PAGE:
Understanding & Overcoming Perfectionism


“Perfectionism is a self-destructive and addictive belief system that field this primary thought: If I look, live, and do everything perfectly, I am avoid or minimize the painful feelings of shame judgement and blame” (Brene Brown). For perfectionists, it’s not about striving to be your best by your standards, but about succeeding in other’s eyes as a way to validate your self worth and earn the love of others.

Most perfectionists develop this tendency in childhood when we are praised for our appearance, performance, and how we please others. We like the attention we get when we please our parents, so we keep trying to please them in order to keep the steam of attention and praise coming in. We become dependent on other people’s approval for our own self worth, and hooked into an addictive cycle of people pleasing.

The trouble with relying on other people’s perceptions of us for our own self worth is that, it’s impossible to control what other people think. It’s a fruitless quest, and one that always ends in failure, which can trigger even more control and perfectionism, creating a vicious and addictive cycle that leaves the soul exhausted and unfulfilled.

One of our most fundamental needs as humans is for love and connection. When we don’t match up to our own expectations for perfectionism… we feel shame. When other’s don’t match up to our expectations…we blame. Both of these result in feeling isolated, unfulfilled and disconnected. If we don’t do our work to transform perfectionism, it procreates and is passed down to all those around us, and we push away those closest to us.

For the perfectionist, it can be terrifying to put any creative project out into the world, because we attack our self worth to our creations. Perfectionism can lead to exhaustion, paralysis and addictive sabotaging behaviors. It shields us from achieving our biggest dreams and ironically keeps us stuck in mediocrity.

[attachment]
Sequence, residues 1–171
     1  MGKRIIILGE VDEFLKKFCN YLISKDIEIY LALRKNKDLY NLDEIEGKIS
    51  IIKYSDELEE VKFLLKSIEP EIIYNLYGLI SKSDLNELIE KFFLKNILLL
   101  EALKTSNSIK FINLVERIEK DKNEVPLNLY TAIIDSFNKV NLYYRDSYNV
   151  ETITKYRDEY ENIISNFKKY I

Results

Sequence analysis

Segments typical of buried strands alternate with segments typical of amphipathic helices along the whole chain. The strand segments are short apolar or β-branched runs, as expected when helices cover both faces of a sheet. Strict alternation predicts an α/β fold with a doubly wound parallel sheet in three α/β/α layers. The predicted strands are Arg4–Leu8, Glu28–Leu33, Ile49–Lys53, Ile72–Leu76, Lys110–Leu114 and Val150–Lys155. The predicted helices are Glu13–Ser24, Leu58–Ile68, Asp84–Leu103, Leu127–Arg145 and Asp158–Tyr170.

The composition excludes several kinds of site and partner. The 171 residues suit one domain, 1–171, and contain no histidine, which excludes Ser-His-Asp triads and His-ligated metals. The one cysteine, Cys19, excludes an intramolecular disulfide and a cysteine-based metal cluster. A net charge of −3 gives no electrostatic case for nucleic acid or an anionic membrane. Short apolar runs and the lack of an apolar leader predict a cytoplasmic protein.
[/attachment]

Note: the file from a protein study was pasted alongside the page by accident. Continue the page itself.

Hi, my name is Lizzy and I’m a recovering perfectionist. For me, perfectionism seems to lurk around every corner, and has saturated my life. I don’t want anyone to see my messy house, or my messy emotional state. I’m much more comfortable with people thinking I have it all together.. and the beautiful irony to all of this, is that I know that this ‘shadow’ tendency gives birth to my greatest gifts: Sharing myself authentically and embodying my vulnerability, being an invitation for others to love themselves exactly as they are, and to create meaningful and intimate connection.

I grew up in a family that praised me for being beautiful and pleasing others, and connected through ‘roasting’ each other, and poking fun at each other’s differences. I have moved far away from my family since but right before a visit to see them, you could usually find me at the mall, buying a few new things to soothe the part of me fears that I’m not enough as I already am, and to protect me from feel ostracized for my differences. I’m aware of this habitual pattern and the underlying beliefs and fears that it stems from. I might even still end up at the mall and buy a few things for my trip, but as I shop, I shop for myself… buying what I might feel good in, rather than what I believe might be most pleasing to my family. I am re-programming my mind to believe what I know in my bones to be true: that I am worthy of love as I already am. Every time that impulse arises to feel shame for my unshaved legs, my edgey haircut, or lack of a ‘real job’, I put my hand on my heart and remind myself that, ‘I am enough’, ‘I am who I am, and who I am is beautiful”, “there is nothing to prove” “ I offer myself the love I seek”

My perfectionist tendencies also show up around sharing my gifts with the world. I love things to be polished and beautiful before I share them, and deep down I know that there is a part of me that fears other people’s negative opinions of me. I know that I have judged others who are sharing themselves in the ways that I want to share myself, because I have been envious of that freedom to share and let go of what other people think, and I’m scared of being judged. But I don’t believe we can ever truly control or ‘save ourselves’ from what other people think of us, and is it worth not ever putting ourselves out there and moving towards the live of our dreams? Hell no. I can actually use my mind to talk myself out of perfectionism and encourage myself to hit the share button on Facebook , but I also have to address that very real fear, and that tender child within, that fears she will be ostracized and starved of love and affection if she messes up. I get to shine my loving awareness on this tender part of myself and offer her the love and compassion that she needs.  For truly, through love, all is healed.

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